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12-06-2014 | Oncology | Article

Survival differences after docetaxel, erlotinib are EGFR gene dependent

Abstract

Free abstract

medwireNews: Results from the DELTA trial indicate no significant differences in progression-free (PF) or overall survival (OS) after treatment with docetaxel versus erlotinib in non-small-cell lung cancer (NSCLC) patients unselected for their epidermal growth factor receptor (EGFR) mutation status.

By contrast, in the subgroup of patients whose tumours were positive for EGFR mutations, PFS and OS were nonsignificantly longer in the erlotinib than the docetaxel group, whereas in those with wild-type tumours, docetaxel was significantly superior to erlotinib in terms of PFS, observe the researchers in the Journal of Clinical Oncology.

Tomoya Kawaguchi (National Hospital Organization Kinki-Chuo Chest Medical Center, Osaka, Japan) and colleagues investigated the efficacy and tolerability of the EGFR tyrosine kinase inhibitor erlotinib versus docetaxel using Docetaxel and Erlotinib Lung Cancer Trial (DELTA) data. The study randomly assigned 301 NSCLC patients, who had all undergone one or two previous chemotherapy regimens, to receive erlotinib 150 mg per day (n=150) or docetaxel 60 mg/m2 every 3 weeks (n=151).

After a median follow-up of 8.9 months, median PFS was nonsignificantly longer in the docetaxel than the erlotinib group, at 3.2 versus 2.0 months. Conversely, median OS duration was nonsignificantly longer for those who received erlotinib versus docetaxel, at 14.8 versus 12.2 months.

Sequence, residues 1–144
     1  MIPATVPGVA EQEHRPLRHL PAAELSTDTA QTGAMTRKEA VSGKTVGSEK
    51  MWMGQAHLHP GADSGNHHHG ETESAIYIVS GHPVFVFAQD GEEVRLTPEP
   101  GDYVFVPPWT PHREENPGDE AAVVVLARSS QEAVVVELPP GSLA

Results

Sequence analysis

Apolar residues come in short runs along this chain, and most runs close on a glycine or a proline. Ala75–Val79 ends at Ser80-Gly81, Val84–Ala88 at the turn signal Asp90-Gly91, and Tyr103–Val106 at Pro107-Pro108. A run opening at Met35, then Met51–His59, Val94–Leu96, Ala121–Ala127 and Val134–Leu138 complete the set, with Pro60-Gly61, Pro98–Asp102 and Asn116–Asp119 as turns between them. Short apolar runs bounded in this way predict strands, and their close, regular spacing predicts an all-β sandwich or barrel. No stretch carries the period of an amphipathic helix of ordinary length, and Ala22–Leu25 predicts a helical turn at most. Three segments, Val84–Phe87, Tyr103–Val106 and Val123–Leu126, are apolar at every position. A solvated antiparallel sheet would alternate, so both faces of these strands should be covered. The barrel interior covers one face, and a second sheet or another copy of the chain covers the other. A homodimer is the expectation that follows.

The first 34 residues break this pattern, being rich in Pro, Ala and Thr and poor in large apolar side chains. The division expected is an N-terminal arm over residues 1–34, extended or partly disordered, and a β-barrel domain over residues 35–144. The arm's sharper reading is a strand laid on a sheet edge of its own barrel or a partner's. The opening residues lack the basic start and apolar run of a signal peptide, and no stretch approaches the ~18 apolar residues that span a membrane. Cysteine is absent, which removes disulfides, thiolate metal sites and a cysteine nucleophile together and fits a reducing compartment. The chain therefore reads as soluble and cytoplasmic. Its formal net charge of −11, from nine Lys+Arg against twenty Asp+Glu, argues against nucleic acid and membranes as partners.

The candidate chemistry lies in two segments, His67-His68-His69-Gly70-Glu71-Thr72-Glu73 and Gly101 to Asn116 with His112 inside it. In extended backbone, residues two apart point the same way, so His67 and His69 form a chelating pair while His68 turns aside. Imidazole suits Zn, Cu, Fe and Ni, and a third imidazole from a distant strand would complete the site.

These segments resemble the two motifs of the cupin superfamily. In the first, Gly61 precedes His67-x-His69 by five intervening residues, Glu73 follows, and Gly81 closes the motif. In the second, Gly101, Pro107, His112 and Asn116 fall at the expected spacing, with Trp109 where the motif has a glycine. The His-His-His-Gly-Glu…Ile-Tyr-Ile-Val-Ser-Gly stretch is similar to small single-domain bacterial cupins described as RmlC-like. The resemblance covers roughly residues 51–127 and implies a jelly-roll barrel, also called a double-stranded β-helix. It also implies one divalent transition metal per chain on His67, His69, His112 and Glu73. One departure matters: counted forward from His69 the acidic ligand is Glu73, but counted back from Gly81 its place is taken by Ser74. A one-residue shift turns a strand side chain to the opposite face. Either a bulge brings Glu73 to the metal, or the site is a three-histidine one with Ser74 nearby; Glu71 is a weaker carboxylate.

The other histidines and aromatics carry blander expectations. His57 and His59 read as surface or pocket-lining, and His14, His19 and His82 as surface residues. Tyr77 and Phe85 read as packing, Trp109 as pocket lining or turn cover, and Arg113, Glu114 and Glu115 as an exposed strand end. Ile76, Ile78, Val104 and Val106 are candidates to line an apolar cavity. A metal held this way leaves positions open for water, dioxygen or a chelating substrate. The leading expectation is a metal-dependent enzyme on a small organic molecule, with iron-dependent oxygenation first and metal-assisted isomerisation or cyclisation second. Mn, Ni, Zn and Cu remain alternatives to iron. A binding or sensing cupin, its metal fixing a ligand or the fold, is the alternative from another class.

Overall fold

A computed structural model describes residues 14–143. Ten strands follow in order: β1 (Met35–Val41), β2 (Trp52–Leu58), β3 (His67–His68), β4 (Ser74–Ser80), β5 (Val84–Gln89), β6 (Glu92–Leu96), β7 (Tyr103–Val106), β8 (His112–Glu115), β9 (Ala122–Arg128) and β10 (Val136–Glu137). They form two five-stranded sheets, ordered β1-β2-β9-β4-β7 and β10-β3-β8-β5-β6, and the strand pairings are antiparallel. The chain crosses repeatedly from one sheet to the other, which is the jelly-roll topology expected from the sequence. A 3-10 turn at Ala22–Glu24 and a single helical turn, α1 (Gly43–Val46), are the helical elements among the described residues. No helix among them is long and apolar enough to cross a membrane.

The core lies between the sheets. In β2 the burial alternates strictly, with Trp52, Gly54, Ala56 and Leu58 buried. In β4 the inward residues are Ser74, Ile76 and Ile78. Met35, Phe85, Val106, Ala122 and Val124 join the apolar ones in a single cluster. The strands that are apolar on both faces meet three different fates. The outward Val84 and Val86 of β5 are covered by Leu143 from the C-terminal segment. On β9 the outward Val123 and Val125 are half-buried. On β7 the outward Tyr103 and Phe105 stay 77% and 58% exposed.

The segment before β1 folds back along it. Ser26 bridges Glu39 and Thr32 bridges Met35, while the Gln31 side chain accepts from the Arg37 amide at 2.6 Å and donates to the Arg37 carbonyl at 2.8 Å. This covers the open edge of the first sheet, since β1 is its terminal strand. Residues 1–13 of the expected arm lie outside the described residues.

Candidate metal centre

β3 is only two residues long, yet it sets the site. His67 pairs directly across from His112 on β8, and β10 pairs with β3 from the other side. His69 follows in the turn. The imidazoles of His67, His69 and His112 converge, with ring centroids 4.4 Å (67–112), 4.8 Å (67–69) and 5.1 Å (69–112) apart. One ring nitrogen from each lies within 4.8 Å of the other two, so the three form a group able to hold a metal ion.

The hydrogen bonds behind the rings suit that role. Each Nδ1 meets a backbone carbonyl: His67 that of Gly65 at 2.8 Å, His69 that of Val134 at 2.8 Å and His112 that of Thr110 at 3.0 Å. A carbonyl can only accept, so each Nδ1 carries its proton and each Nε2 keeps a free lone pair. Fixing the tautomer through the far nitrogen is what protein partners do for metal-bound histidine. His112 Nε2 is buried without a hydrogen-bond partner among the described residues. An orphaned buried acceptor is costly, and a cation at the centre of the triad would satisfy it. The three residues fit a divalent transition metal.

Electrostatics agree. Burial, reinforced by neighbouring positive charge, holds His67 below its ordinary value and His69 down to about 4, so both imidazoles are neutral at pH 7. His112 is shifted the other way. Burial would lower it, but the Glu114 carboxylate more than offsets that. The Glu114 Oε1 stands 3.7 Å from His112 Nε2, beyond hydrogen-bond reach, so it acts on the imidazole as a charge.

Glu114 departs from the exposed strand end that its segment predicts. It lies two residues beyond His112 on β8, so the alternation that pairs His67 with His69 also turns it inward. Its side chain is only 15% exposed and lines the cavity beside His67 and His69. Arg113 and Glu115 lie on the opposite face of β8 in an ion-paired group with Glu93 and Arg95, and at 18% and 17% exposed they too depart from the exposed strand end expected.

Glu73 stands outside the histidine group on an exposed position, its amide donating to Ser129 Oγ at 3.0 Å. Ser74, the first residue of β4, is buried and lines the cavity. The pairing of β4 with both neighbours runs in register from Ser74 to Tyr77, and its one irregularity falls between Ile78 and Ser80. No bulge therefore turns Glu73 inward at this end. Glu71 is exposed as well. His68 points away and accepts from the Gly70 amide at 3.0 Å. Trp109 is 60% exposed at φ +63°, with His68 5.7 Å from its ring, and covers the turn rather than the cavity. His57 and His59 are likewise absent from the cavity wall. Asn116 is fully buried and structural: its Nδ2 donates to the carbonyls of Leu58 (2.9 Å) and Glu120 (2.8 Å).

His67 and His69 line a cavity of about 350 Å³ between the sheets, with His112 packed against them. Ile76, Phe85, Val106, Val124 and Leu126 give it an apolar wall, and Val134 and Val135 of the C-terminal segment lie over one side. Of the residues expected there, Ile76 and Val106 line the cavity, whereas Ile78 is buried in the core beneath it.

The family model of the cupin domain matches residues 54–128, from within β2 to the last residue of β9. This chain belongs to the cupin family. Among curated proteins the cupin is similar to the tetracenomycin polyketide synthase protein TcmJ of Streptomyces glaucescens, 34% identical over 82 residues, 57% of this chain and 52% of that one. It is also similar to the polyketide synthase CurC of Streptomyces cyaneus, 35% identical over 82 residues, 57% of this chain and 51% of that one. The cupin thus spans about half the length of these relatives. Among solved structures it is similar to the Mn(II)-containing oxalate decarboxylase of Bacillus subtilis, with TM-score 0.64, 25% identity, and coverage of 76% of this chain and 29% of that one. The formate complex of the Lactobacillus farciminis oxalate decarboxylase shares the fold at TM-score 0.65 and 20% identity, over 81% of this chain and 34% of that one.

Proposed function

In patients whose tumours underwent polymerase chain reaction analysis (n=255), 199 had wild-type EGFR disease, while 55 had active mutations. In the latter group, median PFS and OS were longer for those who received erlotinib than docetaxel, at 9.3 versus 7.0 months and “not reached” versus 27.8 months, respectively; however, these were nonsignificant differences, note Kawaguchi et al. PFS was significantly longer among docetaxel-treated patients with wild-type tumours compared with their erlotinib-treated counterparts, at 2.9 versus 1.3 months.

The team used the Common Terminology Criteria for Adverse Events to evaluate safety outcomes, and observed that erlotinib was most commonly associated with rash (92.7% of patients) while docetaxel was linked more frequently to fatigue (71.3%), nausea (50.0%) and haematological toxicities. Furthermore, significantly more docetaxel than erlotinib patients experienced Grade 3 or 4 leukopaenia, neutropaenia and febrile neutropaenia.

The researchers warn that their failure to detect a difference in PFS in the unselected patient population could be a result of a small sample size, and that caution should be used when comparing their results with other studies of PFS in this population.

Nevertheless, they conclude: “Given the active drugs available for poststudy chemotherapy that might confer prolonged survival after progression, PFS can be a clinically relevant end point, and further research and discussion are required.”

medwireNews (www.medwirenews.com) is an independent clinical news service provided by Springer Healthcare Limited. © Springer Healthcare Ltd; 2014

By Sarah Pritchard, medwireNews Reporter

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